“I like you, Alicia,” he grins happily, eyes crinkling. “You have wit.” His hands rest on the back of a chair, leaning in. “Thank you. I didn’t think it ended so well the last time we spoke, Mike,” she replies, cautious. “So what is it that you need?” “Oh, I thought it ended quite well,” he smiles, because of course he did – he got what he wanted by threatening her. “I never try to make enemies…” Oh, does it just happen naturally, then? “Whenever I disagree with someone, I think: today, I can’t see their side, but tomorrow, who knows?” He makes it all sound so reasonable, even saintly. “So you see my side?” Alicia puzzles. “I’ve come to present you with the report from our blue ribbon panel,” he explains, putting the report itself on her desk. She brings up the recusal, and not actually being on the panel anymore, but this doesn’t dampen his enthusiasm. “Yes, but we’ve changed our conclusions.”
What? Um, yay? Yay! But why? What’s that about? What happened to the whole “Damn it, Jim, you’ll have a race riot on your hands!” hysteria?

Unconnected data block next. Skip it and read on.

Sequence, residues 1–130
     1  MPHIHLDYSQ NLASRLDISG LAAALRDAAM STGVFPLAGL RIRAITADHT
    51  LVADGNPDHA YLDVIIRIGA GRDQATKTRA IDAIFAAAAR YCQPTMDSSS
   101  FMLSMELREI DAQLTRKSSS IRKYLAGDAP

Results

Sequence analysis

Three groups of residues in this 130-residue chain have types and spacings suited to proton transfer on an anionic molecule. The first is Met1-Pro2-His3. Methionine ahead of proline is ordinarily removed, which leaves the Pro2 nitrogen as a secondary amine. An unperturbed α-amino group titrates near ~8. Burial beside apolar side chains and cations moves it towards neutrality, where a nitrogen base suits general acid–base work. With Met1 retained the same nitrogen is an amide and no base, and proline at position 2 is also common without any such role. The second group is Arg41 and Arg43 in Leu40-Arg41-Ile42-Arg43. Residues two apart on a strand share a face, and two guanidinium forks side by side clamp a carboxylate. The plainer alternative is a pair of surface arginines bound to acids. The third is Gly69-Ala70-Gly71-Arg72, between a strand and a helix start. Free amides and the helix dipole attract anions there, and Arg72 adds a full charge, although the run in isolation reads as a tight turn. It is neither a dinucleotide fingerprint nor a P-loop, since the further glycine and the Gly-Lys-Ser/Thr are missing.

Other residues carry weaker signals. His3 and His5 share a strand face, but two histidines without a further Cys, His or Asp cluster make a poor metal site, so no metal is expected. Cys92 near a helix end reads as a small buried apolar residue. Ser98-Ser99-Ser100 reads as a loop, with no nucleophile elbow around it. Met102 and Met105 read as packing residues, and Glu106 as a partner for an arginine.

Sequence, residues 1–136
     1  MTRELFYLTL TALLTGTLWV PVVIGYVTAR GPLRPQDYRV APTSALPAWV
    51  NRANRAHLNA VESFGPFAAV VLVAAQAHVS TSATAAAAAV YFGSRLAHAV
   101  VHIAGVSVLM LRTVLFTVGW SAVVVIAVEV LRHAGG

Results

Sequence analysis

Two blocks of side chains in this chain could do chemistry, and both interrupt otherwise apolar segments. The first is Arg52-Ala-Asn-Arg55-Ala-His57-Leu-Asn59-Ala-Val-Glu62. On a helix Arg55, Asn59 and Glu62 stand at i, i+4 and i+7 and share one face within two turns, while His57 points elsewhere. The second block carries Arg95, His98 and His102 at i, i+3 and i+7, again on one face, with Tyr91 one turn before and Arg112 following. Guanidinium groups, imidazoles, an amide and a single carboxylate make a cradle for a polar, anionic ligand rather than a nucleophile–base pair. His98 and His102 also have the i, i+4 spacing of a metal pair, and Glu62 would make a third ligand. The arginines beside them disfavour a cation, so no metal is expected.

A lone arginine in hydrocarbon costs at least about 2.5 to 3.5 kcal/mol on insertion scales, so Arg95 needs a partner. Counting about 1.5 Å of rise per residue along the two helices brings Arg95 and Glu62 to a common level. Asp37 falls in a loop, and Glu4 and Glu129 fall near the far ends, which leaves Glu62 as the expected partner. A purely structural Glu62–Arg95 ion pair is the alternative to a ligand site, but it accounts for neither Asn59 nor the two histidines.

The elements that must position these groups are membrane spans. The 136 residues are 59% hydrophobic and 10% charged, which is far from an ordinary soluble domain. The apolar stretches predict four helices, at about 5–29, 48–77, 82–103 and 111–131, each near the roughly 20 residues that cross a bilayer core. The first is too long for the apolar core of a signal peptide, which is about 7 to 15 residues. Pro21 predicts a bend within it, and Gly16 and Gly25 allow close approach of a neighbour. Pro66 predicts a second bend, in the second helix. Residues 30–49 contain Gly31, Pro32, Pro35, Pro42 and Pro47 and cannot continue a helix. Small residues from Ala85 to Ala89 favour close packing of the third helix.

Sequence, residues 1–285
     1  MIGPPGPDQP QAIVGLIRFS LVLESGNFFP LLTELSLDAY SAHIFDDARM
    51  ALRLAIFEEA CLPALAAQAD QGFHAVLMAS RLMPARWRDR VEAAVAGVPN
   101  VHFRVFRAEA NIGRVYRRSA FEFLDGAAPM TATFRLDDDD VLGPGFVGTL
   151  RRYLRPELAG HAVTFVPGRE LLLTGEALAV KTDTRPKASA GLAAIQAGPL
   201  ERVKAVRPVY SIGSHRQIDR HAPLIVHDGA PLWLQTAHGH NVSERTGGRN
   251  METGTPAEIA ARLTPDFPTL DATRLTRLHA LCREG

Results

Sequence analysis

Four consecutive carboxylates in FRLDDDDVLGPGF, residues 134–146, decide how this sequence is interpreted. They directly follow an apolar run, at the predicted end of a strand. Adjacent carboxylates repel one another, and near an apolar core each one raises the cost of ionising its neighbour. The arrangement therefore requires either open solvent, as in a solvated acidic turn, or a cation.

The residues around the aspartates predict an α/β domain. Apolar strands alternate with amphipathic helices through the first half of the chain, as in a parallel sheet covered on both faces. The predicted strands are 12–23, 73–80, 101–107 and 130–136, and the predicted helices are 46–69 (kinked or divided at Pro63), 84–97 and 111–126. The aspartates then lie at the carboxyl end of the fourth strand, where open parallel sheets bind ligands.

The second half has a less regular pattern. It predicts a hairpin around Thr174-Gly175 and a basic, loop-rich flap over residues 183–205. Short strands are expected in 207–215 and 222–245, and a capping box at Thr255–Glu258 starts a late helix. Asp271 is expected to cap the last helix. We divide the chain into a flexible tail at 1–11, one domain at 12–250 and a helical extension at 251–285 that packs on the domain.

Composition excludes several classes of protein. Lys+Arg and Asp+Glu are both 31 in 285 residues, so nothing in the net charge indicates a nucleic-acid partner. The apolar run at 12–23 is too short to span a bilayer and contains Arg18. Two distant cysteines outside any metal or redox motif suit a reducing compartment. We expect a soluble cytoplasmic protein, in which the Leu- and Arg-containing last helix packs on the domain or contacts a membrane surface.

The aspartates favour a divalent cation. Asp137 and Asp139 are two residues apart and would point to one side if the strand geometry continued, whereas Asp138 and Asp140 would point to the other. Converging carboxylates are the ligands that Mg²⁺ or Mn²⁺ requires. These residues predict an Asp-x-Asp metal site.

“We censure the officers for not announcing themselves, for shooting an unarmed man, and possibly even placing a drop gun to cover their tracks.” That’s still the part that rings the least true, that the cop would have been carrying a gun just in case he (or his partner) needed to shoot someone and make it look plausible. “And it also censures my husband for covering it up?” Alicia demands. Mike’s cheerful face is smug and loathsome; he’s ever so pleased. “Well, yes. Truth is truth, isn’t it? You wouldn’t have us compromise the truth out of some misplaced deference to family connections, would you?” His eyes are snake-like, challenging. All the warmth is leeched out of them. When did Chandler Bing turn into Voldemort? “No, so then you understand why I have to recuse myself,” she snaps.